“Maria’s Side Story”
Whatever happened to Maria
after “West Side Story”?
So said my Tweet. Those 140 characters really got under my skin. If you’ve seen the movie recently, you may be wondering the same thing.
If you recall, at the end of “West Side Story,” the young and lovely Maria wanders out of the hauntingly lit basketball courts in a stunned daze after her boyfriend Tony dies in her arms of a gunshot wound, the victim of gang violence after he killed Maria’s brother Bernardo. The lovebirds’ plans of running away together after the scheduled rumble between the Jets and the Sharks skids to an ill-fated stop, and their dream of getting married and living together free of prejudice literally dies away in that dark night, ebbing away like blood from a bullet hole. The final scene is gut-wrenching, and when Natalie Wood (who portrayed “Maria”) flings herself over the prone body of her dead lover, the agonizing screams she releases seem to reverberate with the red siren’s flashing light in the distance.
(As an aside, check out how fierce Natalie was brandishing a gun while chastising all the gang members in a rehearsal shot. That bitch knew how to Work. It. Out.)
Even though the Caucasians and the Puerto Ricans end up carrying Tony’s body away together in a show of solidarity, the effort may be a little too little, a little too late. For what in God’s name is Maria going to do now?
Think about it—she’s a foreigner in a strange land, an innocent and inexperienced teenager working at a bridal shop in a dangerous section of New York City, and she’s become unwittingly embroiled in a race and class war she had attempted in vain to extricate herself from by using the almighty power of love. After the fallout from that one fatal night, however, she’s stuck. With no brother to watch over and protect her, and no partner to love and take her away from their sticky situation, she’s just another lonely immigrant with parents who can’t speak English and no real chance of education or a successful career. At least not back in those days and not under those conditions.
To put it bluntly, she’s fucked.
After watching the 1961 United Artists musical film the other night on Turner Classic Movies (directed by Robert Wise and Jerome Robbins and winner of 10 Academy Awards), I couldn’t help but wonder what happened to Maria after that night. Obviously, everything changed. Her beguiling innocence would never be reclaimed. The broken family unit would suffer. The possibility of another gang war over the same turf appears imminent. Despite all the bloodshed and lost lives from that night, there is no denying that the Sharks and Jets had a thirst for blood from the moment they set eyes on each other. Would Maria become a pawn in this struggle? How could she not? She’s the one who truly set the wheels of fate in motion, and the derailment could be traced back directly to her (and to a stinging lie from the bereaved and very-nearly-raped Anita, Bernardo’s girlfriend). I do not envy Maria. Love is lost, lives are gone, and sometimes the innocent are forced to pay for the transgressions of others.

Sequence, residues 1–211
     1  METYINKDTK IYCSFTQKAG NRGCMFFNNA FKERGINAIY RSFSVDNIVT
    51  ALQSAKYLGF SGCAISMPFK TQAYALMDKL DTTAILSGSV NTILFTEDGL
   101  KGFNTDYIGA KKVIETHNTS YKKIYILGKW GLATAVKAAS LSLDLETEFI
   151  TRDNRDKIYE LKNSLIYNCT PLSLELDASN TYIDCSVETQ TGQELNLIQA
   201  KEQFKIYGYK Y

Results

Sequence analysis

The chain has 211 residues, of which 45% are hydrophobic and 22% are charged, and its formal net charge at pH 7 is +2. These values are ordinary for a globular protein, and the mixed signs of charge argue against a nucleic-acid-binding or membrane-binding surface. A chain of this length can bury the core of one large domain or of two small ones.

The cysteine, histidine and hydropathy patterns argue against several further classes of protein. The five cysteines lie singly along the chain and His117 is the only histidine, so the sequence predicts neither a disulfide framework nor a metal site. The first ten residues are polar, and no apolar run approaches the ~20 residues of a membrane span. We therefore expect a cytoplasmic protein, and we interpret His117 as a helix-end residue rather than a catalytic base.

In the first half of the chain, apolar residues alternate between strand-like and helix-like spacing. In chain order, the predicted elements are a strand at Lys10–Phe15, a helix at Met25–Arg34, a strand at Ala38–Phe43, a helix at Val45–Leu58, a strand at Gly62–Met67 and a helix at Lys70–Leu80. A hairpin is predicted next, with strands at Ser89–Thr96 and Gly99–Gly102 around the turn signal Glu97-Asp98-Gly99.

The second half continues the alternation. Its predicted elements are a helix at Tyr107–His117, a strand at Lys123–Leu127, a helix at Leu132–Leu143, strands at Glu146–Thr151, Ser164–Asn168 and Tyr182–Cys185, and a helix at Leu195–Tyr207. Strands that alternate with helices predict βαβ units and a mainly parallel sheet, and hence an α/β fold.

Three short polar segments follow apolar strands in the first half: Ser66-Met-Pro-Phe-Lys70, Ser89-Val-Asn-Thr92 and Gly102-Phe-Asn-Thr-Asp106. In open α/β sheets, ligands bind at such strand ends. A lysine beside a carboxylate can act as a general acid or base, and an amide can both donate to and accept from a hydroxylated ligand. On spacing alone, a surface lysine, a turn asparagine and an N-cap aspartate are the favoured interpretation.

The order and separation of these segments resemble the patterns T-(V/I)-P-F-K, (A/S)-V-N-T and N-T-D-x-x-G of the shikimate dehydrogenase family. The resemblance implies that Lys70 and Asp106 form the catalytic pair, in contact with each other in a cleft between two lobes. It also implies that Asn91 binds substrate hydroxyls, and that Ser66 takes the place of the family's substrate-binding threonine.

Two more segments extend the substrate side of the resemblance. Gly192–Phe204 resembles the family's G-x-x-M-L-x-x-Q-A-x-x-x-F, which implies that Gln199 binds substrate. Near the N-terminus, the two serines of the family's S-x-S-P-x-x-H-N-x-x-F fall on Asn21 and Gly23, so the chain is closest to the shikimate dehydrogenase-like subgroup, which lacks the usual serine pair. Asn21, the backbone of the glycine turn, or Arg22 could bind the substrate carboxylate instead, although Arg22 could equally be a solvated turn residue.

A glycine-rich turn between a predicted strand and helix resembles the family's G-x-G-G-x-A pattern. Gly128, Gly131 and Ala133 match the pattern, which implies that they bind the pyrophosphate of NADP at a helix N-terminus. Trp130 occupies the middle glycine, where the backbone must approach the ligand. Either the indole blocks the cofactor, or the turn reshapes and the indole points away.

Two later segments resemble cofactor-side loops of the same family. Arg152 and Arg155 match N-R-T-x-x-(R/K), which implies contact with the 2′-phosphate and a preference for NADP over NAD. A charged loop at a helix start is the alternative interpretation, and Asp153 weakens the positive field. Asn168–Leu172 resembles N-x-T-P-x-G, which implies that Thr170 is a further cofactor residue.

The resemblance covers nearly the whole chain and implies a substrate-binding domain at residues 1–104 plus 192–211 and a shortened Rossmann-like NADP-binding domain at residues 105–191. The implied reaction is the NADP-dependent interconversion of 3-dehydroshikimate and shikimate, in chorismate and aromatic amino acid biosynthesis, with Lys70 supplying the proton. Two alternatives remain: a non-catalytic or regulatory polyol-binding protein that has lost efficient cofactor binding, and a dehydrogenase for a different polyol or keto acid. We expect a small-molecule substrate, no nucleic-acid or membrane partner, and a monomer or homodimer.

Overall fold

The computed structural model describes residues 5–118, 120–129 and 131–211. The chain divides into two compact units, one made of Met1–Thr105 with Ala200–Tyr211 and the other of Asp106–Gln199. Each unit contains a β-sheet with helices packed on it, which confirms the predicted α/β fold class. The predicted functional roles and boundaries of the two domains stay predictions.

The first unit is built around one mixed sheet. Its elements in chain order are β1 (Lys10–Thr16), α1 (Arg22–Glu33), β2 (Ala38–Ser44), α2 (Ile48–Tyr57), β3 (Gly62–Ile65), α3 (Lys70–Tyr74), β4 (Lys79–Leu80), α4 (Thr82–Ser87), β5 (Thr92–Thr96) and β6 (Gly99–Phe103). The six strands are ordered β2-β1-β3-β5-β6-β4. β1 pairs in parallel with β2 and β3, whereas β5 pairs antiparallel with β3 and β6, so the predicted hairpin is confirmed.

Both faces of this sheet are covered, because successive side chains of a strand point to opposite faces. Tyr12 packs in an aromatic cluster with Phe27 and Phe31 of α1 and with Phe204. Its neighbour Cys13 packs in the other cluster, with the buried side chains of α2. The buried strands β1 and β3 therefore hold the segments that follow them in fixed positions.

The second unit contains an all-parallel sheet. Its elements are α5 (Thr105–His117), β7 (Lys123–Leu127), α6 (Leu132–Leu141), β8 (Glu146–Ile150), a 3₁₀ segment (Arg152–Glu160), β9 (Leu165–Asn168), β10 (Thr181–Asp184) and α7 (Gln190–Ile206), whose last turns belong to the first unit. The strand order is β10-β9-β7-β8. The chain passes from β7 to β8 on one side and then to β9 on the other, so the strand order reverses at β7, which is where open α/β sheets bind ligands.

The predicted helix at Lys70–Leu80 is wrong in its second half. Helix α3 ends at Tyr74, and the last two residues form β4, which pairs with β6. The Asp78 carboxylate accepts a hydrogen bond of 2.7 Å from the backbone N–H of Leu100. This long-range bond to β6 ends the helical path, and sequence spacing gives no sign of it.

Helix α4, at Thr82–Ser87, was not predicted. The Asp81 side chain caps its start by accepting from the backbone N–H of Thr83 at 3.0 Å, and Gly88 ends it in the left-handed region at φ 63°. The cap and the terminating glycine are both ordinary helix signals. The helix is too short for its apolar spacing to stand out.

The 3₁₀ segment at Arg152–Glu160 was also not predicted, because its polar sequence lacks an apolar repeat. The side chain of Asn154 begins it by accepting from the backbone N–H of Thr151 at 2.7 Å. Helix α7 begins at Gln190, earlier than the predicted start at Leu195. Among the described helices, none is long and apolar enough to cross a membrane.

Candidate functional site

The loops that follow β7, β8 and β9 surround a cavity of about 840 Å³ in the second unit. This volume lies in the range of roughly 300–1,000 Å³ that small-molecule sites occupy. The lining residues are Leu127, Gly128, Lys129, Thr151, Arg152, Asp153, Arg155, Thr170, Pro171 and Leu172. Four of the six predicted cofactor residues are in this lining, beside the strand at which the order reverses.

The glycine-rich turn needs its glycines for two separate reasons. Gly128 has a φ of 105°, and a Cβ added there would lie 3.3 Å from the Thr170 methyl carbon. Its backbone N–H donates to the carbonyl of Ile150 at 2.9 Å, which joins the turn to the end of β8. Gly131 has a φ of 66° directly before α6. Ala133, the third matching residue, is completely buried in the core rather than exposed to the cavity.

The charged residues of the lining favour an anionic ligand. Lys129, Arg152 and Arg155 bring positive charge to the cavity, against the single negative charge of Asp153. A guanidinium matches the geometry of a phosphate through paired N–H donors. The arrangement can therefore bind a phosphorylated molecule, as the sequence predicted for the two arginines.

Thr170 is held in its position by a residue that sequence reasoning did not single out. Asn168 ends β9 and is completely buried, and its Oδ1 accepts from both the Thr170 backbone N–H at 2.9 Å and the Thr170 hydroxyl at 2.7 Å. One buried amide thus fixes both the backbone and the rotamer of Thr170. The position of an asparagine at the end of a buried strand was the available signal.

Which leads to this thought-provoker: Flash forward five or ten years…what is Maria doing now? In my mind, there’s no question what happened to her; she became a drug-addled prostitute. That conclusion is not that far-fetched either. For all we know, her never-seen-but-spoken-about-in-hushed-terms parents—religious fanatics, from the sound of it—kick her out of the house. With nowhere to go, Maria floats from tenement to tenement amongst the Sharks and their girls, losing her job along the way, slowly starving to death before she learns to trade sexual favors for food, alcohol, and drugs. The food and drink she can (almost) do without. It’s the drugs that she needs now. Nothing else warms her from the inside out and drowns the nightmare of her past like marijuana, cocaine, speed, pills, and heroin. Especially heroin. Once she learns to shoot up by herself, she enjoys stealing Anita’s cheating husband away a few nights a week while working for the notorious pimp Chino. Yes, that Chino, the one who shot Tony dead all those years ago. In Maria’s eyes, she deserves to be working for the man who effectively murdered her capacity to love. Strung out, skinny and malnourished with rotting teeth and matted hair, she still tricks herself out to johns several times a day due to her feral nature and affinity for sexual deviancy. Such bawdiness and lewdness pay more, she knows that. And yet, beneath her sad sack exterior, Maria still retains some of that sweet, girly goodness she possessed all those years ago, hidden like a seed buried deep within her. She’s the proverbial hooker with a heart of gold.
Too bad she’s also got herpes.
No matter. She don’t care. Nor do her clients, rich white businessmen who batter her about like panthers with their prey, drawing blood and erroneous conclusions. They think she’s a sexual predator who likes it dirtier than any whore they’ve had before. They think she’ll do anything, that the light in her fuzzy eyes will never go out. The don’t wonder about her home life or her family or the track marks that crisscross her scrawny arms that she constantly rubs as if she’s cold. These cruel and heartless men have no clue that she was a skilled seamstress with tiny, workmanlike stitches or that she once loved a man so much that she forgave him for murdering her own brother.
These men don’t know her, they only know her name.
They cry “Maria!” when the music’s playing loud in their fancy hotel rooms, loud enough to cover the muffled sounds of her soft cries. Or they whisper her name as they would the rosary, fondling her bead by bead. She tries to shut them up but it’s no use. “Don’t say my name like that,” she says with a haunted look in her eyes. But they never listen.
After all, they just met a girl named Maria, and suddenly the name will never be the same to them.